The amazing Wales international-football ‘run’ in 2021 and 2022, qualifying for the World Cup over serious competition in Europe (and knocking out Ukraine in the final qualifying match) can only be said to be another rallying point for Welsh patriots and Wales nationalism and ‘nation-building,’ identity construction.
Much of the above was on display to the viewer of Wales’ opening-match against the highly-racially-mixed and largely-‘denationalized’ USA team. There was a palpable difference in atmosphere and attitude in the stadium. Thousands of Wales fans filled the stadium and really dominated the match with the cheers and songs. They belted out their national anthem in an eerily loud tone, filling the night sky in Qatar. The players, most of whom are tied closely to Wales, all sang loudly. The USA team was subdued and for many of the members the Star-Spangled Banner national anthem means little, if anything (having never even lived in the USA). With Wales, it was twenty thousand hearts beating as one.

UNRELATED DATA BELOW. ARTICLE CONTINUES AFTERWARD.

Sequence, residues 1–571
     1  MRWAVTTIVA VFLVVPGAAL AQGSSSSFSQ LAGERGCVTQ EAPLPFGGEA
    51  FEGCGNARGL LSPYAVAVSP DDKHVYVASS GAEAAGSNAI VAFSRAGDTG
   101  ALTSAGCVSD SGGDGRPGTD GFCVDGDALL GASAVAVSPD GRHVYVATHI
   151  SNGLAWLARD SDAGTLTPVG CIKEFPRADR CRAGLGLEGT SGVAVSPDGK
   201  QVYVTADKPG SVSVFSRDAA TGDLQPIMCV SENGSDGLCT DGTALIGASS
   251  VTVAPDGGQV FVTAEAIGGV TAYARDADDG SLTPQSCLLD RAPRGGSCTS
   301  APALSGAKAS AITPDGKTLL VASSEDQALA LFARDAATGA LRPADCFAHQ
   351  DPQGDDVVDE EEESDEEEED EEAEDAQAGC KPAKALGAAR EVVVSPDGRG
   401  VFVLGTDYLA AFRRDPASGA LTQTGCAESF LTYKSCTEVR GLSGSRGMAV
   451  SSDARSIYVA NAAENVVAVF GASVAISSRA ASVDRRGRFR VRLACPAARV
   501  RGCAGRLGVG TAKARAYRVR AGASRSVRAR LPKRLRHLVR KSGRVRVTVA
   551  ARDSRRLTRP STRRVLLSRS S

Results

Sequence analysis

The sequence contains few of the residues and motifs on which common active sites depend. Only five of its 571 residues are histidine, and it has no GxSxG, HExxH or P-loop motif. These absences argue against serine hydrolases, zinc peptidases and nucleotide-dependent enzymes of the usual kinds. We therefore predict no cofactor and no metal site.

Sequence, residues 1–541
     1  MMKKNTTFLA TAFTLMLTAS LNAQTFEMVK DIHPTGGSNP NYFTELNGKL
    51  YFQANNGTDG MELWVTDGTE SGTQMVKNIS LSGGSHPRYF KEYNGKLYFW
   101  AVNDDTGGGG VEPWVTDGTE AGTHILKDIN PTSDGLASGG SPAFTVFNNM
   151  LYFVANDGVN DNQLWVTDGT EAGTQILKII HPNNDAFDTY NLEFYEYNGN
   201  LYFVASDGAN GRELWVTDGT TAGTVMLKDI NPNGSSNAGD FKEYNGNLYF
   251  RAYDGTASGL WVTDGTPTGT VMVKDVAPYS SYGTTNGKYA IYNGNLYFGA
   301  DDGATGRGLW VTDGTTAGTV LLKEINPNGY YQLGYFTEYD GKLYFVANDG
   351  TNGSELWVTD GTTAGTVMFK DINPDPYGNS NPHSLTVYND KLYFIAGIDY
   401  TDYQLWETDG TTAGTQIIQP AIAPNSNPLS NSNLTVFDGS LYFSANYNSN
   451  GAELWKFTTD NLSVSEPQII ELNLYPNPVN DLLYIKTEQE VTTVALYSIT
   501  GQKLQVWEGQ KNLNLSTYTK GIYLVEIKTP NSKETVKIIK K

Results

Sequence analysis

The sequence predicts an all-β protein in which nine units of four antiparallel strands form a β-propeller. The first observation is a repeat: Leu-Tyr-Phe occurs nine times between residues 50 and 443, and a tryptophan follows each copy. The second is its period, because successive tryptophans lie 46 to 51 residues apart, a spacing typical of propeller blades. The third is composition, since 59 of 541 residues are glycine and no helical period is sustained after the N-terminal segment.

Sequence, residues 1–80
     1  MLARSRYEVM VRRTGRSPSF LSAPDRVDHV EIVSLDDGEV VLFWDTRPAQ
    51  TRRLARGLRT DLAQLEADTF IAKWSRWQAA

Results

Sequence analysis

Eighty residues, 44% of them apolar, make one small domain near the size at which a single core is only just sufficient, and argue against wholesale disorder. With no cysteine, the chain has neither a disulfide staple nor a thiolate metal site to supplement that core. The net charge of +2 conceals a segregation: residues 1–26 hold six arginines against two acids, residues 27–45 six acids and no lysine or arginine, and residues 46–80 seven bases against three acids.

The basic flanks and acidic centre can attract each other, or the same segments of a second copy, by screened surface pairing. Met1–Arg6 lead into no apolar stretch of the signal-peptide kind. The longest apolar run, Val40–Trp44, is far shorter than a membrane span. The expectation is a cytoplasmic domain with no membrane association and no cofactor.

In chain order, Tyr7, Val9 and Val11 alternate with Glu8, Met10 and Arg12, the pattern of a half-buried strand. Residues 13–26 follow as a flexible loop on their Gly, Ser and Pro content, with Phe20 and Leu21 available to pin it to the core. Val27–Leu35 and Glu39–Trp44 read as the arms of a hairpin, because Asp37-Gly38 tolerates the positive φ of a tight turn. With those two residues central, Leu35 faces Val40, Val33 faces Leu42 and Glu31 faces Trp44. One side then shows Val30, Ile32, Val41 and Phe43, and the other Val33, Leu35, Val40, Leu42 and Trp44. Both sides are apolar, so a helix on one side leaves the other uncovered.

The Wales team’s comparative strong-homogeneity and its fans expressing their nationalism was notable when contrasted with the USA’s non-homogeneity, and in a battle of ‘nationalisms’ and national-pride, Wales frankly won hands-down. The match ended in a 1-1 draw, seen as a big disappointment for the USA, being (for one thing) that the USA had a resident population over 100x as large was Wales.
National Team 2022 demographics versus Wales resident-population demographics
The Wales population today is:
— White: 2,915,000, of which: